What Is It They Say About Great Minds?

Sound familiar?

America has an unfortunate history with secession, which led to the bloodiest war in our history and divisions that persist to this day. But, in general, the causes of secession are pretty standard around the world: Too much power in the central government, too much resentment in the unhappy provinces. (Think Hunger Games).

So what’s a solution? Let the central government do the things that only central governments can do — national defense, regulation of trade to keep the provinces from engaging in economic warfare with one another, protection of basic civil rights — and then let the provinces go their own way in most other issues. Don’t like the way things are run where you are? Move to a province that’s more to your taste. Meanwhile, approaches that work in individual provinces can, after some experimentation, be adopted by the central government, thus lowering the risk of adopting untested policies at the national level. You get the benefits of secession without seceding.

Sound good? It should. It’s called federalism, and it’s the approach chosen by the United States when it adopted the Constitution in 1789. As James Madison wrote in Federalist No. 45, “The powers delegated by the proposed Constitution to the federal government, are few and defined. Those which are to remain in the State governments are numerous and indefinite. The former will be exercised principally on external objects, as war, peace, negotiation, and foreign commerce; with which last the power of taxation will, for the most part, be connected. The powers reserved to the several States will extend to all the objects which, in the ordinary course of affairs, concern the lives, liberties, and properties of the people, and the internal order, improvement, and prosperity of the State.”

It’s a nice plan. Beats secession. Maybe we should give it another try.

That’s Glenn Reynolds of Instapundit fame writing in USA Today – today.

This is me – from July of this year:

So what do you say that we work the original plan and throttle the national government back to its enumerated powers, put the Commerce Clause genie back in the bottle, reduce the power of the Congress, SCOTUS and the Executive to matters of true national import like defense, protection of our borders, a common currency and interstate highways and utilities? We then restore the power of the states and allow them to decide just exactly what their people want them to be…MassCare – totally cool – if that’s what Massachusetts folk want. Vermont wants to go full-on Marxist, there you go. New Hampshire votes for pure capitalism, OK by me. New Yorkers want state funded abortion on demand – killer idea (pun intended), if that’s what all the feminists want. Mississippi wants the Christian faith taught in schools – hallelujah! The people of Texas want every citizen to carry a side-arm, no problem. California wants a 75% tax on the “rich” and Utah wants to abolish taxes altogether? I smell a referendum coming.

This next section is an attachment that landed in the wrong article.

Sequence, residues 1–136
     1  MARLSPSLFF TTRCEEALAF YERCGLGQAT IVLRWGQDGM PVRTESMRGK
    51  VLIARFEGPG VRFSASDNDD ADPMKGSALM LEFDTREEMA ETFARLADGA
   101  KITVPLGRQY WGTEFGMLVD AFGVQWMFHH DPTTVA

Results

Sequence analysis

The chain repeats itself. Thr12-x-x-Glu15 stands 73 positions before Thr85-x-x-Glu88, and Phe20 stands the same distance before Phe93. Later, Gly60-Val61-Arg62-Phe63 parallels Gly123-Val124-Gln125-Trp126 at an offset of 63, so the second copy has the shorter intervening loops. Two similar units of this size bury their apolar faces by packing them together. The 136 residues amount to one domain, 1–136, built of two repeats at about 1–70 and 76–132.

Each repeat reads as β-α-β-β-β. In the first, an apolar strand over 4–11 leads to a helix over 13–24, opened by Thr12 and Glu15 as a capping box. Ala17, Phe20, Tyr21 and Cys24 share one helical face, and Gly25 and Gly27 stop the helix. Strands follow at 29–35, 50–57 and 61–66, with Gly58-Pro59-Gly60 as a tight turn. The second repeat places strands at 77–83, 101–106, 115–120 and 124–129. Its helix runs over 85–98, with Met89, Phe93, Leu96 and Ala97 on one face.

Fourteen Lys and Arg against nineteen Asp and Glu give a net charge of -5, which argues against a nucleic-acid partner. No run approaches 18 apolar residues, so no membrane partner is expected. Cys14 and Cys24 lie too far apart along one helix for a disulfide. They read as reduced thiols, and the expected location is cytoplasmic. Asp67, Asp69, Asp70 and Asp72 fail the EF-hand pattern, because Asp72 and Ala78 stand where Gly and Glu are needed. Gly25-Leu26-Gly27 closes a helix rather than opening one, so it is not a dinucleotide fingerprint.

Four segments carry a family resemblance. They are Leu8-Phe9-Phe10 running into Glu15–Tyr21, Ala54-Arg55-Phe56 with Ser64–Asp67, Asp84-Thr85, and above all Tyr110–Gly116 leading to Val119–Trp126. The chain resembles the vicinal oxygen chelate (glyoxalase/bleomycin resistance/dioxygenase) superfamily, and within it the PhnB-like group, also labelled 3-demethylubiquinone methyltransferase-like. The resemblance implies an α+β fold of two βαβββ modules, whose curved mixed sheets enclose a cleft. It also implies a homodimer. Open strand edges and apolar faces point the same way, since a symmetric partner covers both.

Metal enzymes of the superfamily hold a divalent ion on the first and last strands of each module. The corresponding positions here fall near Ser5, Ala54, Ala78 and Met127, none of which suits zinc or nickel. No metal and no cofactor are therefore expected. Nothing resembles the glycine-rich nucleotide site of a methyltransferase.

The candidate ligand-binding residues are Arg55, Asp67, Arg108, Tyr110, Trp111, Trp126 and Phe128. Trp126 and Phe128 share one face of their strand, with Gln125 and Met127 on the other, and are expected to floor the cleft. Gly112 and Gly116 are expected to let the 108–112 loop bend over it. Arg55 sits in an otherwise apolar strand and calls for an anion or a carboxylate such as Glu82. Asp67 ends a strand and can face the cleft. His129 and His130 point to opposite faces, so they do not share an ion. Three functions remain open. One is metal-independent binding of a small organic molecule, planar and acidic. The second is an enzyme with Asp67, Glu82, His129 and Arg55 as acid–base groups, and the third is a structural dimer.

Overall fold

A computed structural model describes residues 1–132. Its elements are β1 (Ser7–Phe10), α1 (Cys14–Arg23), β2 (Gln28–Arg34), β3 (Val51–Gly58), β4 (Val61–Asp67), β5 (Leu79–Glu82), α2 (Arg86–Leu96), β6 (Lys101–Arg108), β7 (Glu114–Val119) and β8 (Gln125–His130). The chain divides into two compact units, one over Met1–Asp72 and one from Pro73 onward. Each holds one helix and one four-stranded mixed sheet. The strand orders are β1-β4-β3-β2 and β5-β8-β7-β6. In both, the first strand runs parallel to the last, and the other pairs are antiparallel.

What do you say?

At least that way, people have a choice. If they want something that their state doesn’t offer, they can relocate. Similarly, if they object to something, they can leave or work to change it. When controversial programs like O-Care are passed at a national level, people who disagree are just stuck.

See – this was the wisdom of the Founders that was destroyed by the Civil War. The original 13 colonies were settled by people from common heritages and cultures and as such there was a wide variation from the fishing and whaling seafaring societies of the northeast to the agrarian societies of the southern colonies – the founders recognized this diversity (don’t you think diversity is a good thing?) and allowed a mechanism for dealing with it. Autonomy at a state level – smaller segments of the population are more likely to share common ideas and to be able to gain continuity in governing themselves.

My take is this: the problems with our political discourses today are that the concepts being debated at a national level are just too big and complex to expect the entire nation to agree on them…and having an idea forced on half of the national population does not generate goodwill and trust. Refusing to deal with a national problem, such as illegal immigration, when the Border States are suffering the effects causes significant discord.

Federalism. This one concept is the answer to our political stalemate and for both of us to have what we want and expect out of America.

If you are so confident in your ideology and you don’t need us dumb, gun-totin’, NASCAR watching hicks, you should be all-in on this…you get to central plan your own state level Utopias.

Then 20 years from now, lets look back and see which states are prosperous and which are sucking wind.

Let me know how that works for you.

Cheers.

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2 thoughts on “What Is It They Say About Great Minds?

  1. Maybe, just maybe,
    “we” aren’t alone….

    Good work.

    I read your writings for a year b4 I decided you might be for real. :-)

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